“Anybody that historically knows about blue-green algae was interested in Toledo,” he said.

The island’s municipal system serves just 28 customers, including many businesses. Since 2010, it has operated under an unrelated boil-water advisory because of water pressure drops that can affect the treatment process. That advisory has been temporarily rescinded, officials said.

Mike Tudor, Windsor-Essex County Health Unit inspection manager, said his agency hadn’t received many water quality calls; islanders seemed to be taking it in stride.

The health agency’s main concern was reaching tourists and those staying in rental cottages.

Officials distributed hundreds of fact sheets and notices on Wednesday to all parts of the island.

The Canadian federal government considers concentrations of 1.5 parts per billion or less of microcystin to be safe for drinking water.

The ministry declined to say why that standard is used, other than that it believes the science behind it is adequate. The standard is looser than the 1.0 ppb threshold recommended by the World Health Organization, a standard that Ohio and most other U.S. states are using as a fallback because the U.S. Environmental Protection Agency has not yet established a federal standard.

None of the area water plant operators on the Ohio side of Lake Erie reported a problem.

Ottawa County Sanitary Engineer Kelly Frey, who oversees the regional water treatment plant for the Port Clinton area, said the raw lake water had a microcystin concentration of 2.7 ppb on Wednesday, a level that was fairly easy for the plant to neutralize. He said the finished tap water had a concentration of less than 0.3 ppb, which is so small it is considered nondetectable.

Numbers for Put-in-Bay, Marblehead, Kelleys Island, and other communities tested at Ohio State University’s Stone Laboratory have been at nondetectable levels all summer, the lab’s director Jeff Reutter said.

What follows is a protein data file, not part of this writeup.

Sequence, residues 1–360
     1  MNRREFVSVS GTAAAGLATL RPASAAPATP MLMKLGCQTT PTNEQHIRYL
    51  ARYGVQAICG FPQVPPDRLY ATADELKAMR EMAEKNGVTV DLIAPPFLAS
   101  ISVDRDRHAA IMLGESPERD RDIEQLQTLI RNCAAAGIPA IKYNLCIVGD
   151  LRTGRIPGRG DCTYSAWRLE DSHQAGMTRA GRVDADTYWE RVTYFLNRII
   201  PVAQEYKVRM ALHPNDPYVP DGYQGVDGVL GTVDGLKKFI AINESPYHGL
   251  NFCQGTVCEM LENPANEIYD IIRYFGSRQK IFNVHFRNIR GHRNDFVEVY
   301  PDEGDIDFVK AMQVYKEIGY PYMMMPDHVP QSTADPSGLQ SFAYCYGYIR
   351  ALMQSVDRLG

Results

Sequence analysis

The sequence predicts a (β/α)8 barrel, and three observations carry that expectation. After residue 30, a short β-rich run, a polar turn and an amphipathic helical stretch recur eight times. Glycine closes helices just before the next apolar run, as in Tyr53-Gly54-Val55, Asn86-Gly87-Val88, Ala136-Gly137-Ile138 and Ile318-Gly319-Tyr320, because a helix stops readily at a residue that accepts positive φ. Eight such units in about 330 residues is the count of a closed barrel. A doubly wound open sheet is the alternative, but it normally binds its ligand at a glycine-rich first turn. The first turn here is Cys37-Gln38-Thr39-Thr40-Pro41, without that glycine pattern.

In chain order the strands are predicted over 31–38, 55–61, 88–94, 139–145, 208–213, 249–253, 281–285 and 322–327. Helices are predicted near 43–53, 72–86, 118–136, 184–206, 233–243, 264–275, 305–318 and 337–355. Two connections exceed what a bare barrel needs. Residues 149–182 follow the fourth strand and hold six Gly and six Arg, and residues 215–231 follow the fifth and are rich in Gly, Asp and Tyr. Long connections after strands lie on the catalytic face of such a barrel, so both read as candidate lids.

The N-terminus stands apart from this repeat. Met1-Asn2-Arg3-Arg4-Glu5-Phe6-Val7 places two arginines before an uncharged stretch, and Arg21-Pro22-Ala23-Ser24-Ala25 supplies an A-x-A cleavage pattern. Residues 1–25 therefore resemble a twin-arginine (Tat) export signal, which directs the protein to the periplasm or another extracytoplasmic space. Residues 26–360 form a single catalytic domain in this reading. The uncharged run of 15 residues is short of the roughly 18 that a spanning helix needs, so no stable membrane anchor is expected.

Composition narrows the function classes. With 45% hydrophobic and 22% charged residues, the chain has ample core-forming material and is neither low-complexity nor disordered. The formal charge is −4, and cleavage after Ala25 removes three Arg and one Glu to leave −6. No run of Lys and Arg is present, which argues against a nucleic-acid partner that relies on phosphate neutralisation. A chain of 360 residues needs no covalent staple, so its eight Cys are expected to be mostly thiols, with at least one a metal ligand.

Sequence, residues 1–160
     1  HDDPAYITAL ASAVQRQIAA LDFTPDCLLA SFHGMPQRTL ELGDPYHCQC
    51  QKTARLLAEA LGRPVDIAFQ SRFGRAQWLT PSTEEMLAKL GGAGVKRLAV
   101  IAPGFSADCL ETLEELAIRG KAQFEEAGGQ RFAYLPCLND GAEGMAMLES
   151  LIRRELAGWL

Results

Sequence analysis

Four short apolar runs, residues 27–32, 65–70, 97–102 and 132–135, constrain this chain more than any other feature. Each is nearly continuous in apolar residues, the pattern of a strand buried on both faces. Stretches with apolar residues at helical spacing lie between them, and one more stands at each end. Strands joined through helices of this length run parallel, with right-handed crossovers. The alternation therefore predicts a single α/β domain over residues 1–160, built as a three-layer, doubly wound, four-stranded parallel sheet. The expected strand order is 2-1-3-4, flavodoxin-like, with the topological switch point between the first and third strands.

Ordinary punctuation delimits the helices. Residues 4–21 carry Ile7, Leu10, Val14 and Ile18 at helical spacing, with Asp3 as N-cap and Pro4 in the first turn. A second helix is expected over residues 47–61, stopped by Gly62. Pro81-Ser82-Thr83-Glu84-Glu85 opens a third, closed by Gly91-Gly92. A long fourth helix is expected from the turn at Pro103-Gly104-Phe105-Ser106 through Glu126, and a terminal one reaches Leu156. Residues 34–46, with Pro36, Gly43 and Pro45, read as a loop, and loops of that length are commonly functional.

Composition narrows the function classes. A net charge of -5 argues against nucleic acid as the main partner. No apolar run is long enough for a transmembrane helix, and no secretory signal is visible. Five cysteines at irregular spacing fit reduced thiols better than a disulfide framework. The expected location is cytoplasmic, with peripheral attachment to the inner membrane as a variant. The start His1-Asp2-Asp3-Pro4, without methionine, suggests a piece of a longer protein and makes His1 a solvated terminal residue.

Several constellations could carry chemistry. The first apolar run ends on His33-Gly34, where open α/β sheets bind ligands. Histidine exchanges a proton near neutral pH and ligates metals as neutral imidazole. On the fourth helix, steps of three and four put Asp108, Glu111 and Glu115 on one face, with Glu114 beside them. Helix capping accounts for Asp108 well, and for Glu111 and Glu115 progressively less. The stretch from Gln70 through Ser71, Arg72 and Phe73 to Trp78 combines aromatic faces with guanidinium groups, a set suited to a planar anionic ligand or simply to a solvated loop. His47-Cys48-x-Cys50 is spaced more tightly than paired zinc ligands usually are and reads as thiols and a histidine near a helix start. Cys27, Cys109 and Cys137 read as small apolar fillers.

Doug Wagner, Oregon’s water treatment superintendent, said his plant and several others from which Oregon tests water samples for microcystin all had “nondetectable” readings in their treated water Monday and Wednesday.

Back on Pelee Island, a group of vacationers from Windsor frolicked on a mostly deserted beach. They didn’t hesitate to jump in Lake Erie. Dominic Peragine said the group has been swimming since Sunday, and no one has felt ill from the water exposure.

“We’re not really worried about it at all,” he said.

This is typically a slower week for tourism, because Ohio students have returned to school, said Bernie Lafferty, who drives a tour van that serves as an island taxi.

Most islanders know each other and feel welcome showering at a friend’s house until the advisory is lifted, she said. Some might not be worried unless someone they know gets sick. Island authorities don’t know when the warning will be lifted.

Scudder Beach bar patrons have kept their cool too. When they ask for a glass of water, “we just explain the situation,” Mr. Hamm said. Most are happy to buy bottled water.

“Or, they just have a beer,” he said.

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By Vanessa McCray and Tom Henry - The Blade, Toledo, Ohio (MCT)

©2014 The Blade (Toledo, Ohio)